Conformity and good rock music don’t combine very well, and it should come as no surprise to anyone who devotes their time to the latter that acts like La Need Machine are rejecting the very notion of incorporating anything rooted in mindless conventionality into their music.
They’ve got too much of a story to tell, too much of an emotional bond with the heaviness of their grooves for us to receive anything less than an outside-the-box performance regardless of the tempo or tone of the music - hence, their second LP Killer Instinct contains nothing I’d associate with conformist-approved pop/rock in 2022.
A blistering attack greets us at the start of every song in Killer Instinct, and in the songs “Alice,” “She Loves Rock and Roll,” and “Herculean Tasks,” it’s delivered with such precision on the part of the players that you have to ask whether or not we’re listening to real musicians or robots programmed to dispense perfectly rhythmic rock songs. The former ends up being the case, as evidenced by the warmth of the melodies and the verses they carry forth, and we’re treated to one of the best full-length rock records of the year because of it.
Not all of Killer Instinct is about blitzing us with big riffing; “Need Machines,” “Hometown Heroes,” “Negative,” as well as “Scary Voices” run on pure rock gasoline, but they’ve got enough in common with the punkish moan of a more barebones aesthetic to become appealing to those who aren’t necessarily all about classic metal might all of the time.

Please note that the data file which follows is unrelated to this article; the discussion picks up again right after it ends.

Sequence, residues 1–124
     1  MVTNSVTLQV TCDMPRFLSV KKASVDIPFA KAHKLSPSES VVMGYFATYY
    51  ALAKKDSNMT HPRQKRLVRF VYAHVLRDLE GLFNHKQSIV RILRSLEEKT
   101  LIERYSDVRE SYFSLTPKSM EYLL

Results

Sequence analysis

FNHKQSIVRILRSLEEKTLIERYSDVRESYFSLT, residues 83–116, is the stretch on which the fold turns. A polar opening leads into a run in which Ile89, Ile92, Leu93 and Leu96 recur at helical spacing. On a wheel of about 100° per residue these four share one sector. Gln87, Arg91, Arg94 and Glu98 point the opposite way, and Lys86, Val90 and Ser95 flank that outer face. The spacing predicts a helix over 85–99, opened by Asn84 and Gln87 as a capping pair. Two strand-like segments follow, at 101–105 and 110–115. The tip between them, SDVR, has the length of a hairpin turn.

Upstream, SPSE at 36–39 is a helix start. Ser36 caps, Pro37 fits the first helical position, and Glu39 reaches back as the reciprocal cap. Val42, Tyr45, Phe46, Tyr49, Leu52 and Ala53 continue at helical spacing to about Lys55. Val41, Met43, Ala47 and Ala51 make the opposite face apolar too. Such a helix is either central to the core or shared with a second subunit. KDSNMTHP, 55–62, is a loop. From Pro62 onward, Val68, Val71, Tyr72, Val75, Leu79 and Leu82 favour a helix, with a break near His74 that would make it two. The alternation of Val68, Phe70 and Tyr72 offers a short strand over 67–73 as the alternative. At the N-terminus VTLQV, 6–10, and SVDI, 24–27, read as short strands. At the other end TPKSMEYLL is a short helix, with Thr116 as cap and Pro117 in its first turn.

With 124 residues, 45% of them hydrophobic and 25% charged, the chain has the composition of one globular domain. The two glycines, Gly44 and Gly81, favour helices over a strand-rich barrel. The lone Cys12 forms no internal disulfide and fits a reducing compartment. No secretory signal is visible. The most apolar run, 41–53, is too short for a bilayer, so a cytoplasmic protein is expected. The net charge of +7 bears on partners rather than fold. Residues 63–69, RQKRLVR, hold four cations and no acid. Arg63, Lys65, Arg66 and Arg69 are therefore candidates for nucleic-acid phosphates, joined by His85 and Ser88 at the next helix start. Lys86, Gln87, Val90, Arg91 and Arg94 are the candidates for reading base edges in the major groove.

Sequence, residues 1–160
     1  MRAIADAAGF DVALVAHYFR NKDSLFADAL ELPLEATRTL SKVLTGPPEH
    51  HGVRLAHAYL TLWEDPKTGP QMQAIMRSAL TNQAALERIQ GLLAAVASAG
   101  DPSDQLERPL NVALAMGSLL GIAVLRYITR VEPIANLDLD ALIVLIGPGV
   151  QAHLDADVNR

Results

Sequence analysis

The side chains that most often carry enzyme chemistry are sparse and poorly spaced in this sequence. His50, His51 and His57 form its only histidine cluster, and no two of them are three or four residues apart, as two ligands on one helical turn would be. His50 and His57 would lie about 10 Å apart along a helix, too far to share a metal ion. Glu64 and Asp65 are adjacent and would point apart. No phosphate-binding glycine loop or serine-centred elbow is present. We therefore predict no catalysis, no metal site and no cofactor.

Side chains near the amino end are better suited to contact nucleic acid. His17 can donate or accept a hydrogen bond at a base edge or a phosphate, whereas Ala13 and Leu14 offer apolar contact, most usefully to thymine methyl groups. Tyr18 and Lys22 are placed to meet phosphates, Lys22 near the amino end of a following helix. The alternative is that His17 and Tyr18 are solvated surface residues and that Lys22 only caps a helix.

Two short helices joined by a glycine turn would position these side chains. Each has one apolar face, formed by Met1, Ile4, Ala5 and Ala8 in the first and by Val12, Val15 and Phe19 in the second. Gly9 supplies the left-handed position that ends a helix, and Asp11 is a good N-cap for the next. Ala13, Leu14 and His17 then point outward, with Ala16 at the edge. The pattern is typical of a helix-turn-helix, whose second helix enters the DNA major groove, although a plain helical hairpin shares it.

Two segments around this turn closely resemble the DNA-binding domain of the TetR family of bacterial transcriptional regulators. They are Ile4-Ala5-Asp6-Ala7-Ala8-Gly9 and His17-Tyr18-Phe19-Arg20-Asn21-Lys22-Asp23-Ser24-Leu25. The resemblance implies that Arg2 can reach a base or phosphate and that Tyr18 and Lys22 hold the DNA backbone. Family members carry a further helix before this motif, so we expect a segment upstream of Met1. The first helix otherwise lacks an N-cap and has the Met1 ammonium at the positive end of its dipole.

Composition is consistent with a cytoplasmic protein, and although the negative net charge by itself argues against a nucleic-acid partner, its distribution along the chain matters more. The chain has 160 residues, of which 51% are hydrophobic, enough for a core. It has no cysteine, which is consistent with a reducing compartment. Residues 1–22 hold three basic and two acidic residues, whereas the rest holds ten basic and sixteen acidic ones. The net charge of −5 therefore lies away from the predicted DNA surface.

There’s an obvious emotional investment in the material that is difficult for us to get around in “Fourth Gear,” the title track, and “Herculean Tasks,” and while the vigor of our vocalist’s execution quickly brings to mind artists of the past like Seattle’s own Carrie Akre and the late, great Mia Zapata, the spirit of her sentiments never sounds inauthentic or borrowed from someone else’s diary. This is all personal, in the only way a hard n’ heavy roots rock can produce something intimate, and I don’t see followers of the group disagreeing with me at all.
Taking a cue from legends is one thing, but trying to join their ranks is something entirely different. It’s hard just making a name for yourself in music today, let alone getting to the level a lot of the legends you look up to rest upon, but that isn’t stopping La Need Machine from putting out an effort worthy of such consideration in Killer Instinct. This is starting to feel like a good season for the rock n’ roll revolution this generation has been waiting to experience for themselves, and if La Need Machine can positively position themselves with the underground scene they’ve come to own so handily out of the northwest corner of the American circuit, I think they’re going to start getting a lot of the press attention they and many others like them have been vying for since getting their start.
We do music reviews for Independent Artists and Publicists.